When in power, Prime Minister Narendra Modi has never led a minority government. Even as the Chief Minister of Gujarat, he led a majority government without having fought a single election in the state.
Today, if BJP general secretary Ram Madhav's prediction holds any truth, Modi might have a new experience in store for him.
In an interview to Bloomberg on Saturday, Madhav admitted that the BJP may have to stitch up alliances after the election as the party will fall short of winning an absolute majority in the Lok Sabha. With this, he is the first BJP leader to come even remotely close to acknowledging that the saffron unit may lose some power in the 2019 polls.
"If we get 271 seats on our own, we will be very happy," Madhav said in the interview. "With NDA, we will have a comfortable majority."
The figure is the halfway mark in the Lok Sabha, but much lower than the BJP's current tally of 282 in the Lower House.
Madhav also acknowledged that the BJP is facing "expected losses in the North Indian states it swept in 2014", but that the party will make up for these "with new gains in India's remote northeast, as well as in the eastern states of West Bengal and Odisha".
"As politicians, we must remember that what we achieved last time, we may not repeat because of anti-incumbency," the BJP general secretary said.
Golden words from a politician that are rarely accepted.
Significantly, Madhav's statements are a far cry from BJP chief Amit Shah and Finance Minister Arun Jaitley's claims that the party will fare even better in the election this year.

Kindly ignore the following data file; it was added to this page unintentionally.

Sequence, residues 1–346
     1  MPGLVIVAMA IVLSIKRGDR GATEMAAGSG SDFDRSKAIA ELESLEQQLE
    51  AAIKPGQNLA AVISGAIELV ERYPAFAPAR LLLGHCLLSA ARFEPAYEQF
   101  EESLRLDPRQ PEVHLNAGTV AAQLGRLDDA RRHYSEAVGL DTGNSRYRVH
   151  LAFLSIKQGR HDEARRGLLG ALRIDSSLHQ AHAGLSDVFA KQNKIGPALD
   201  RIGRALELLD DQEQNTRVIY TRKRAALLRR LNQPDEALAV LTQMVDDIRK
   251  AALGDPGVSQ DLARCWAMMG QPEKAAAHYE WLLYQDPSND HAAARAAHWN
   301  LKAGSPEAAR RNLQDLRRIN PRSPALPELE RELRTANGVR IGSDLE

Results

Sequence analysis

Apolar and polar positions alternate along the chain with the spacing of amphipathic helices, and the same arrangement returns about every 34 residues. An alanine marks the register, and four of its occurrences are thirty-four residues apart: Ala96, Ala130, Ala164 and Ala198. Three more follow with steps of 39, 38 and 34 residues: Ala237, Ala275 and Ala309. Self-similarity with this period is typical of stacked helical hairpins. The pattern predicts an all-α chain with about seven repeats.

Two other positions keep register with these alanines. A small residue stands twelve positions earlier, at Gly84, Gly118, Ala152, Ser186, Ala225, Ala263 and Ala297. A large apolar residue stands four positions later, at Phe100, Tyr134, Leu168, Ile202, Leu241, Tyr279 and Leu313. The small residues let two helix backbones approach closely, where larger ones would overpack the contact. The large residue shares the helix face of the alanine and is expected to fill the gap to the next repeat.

Shah exuded confidence when he said the BJP will win the 2019 general election "with a much bigger majority" than it did in 2014. Jaitley's confidence, however, appears to be more in the belief that the so-called 'Mahagathbandhan' will fail to hold.
"What was promised to be 'Mahagathbandhan' is turning out to be a gathbandhan of several conflicting gathbandhans. It is a self-destructive coalition of rivals," Jaitley had said.
However, this very Opposition that Jaitley is sure will fall apart is bound to use the statement by one of the BJP's most senior leaders as fodder for campaigning in the last two weeks of the election season. Opposition parties could put a spin to Madhav's words to showcase that the BJP had admitted defeat and was preparing itself for losses.
In fact, Sanjay Raut, a leader of BJP ally Shiv Sena, also accepted that Madhav's statement "rings true" and this was what he "currently sensed in the country".
"The National Democratic Alliance will form the government with the BJP as the single-largest party, but it will be somewhat difficult for the BJP to win 280-plus votes," Raut told NDTV.
If we go by ground reports and the results of the recent Assembly elections, the BJP will most likely not enjoy holding a clear majority in the Lok Sabha after the general election. Turning to regional allies and ceding some of its seemingly ever-expanding power to them may be the only choice the party will be left with.
Madhav's statement could provide impetus to the waning drive of the Opposition parties to come together to form an anti-BJP front. It would be safe to assume that if the Opposition remains together, the BJP will find it hard to hold on to the number of seats it bagged in the 2014 Lok Sabha election.
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Updated Date: May 07, 2019 16:29:58 IST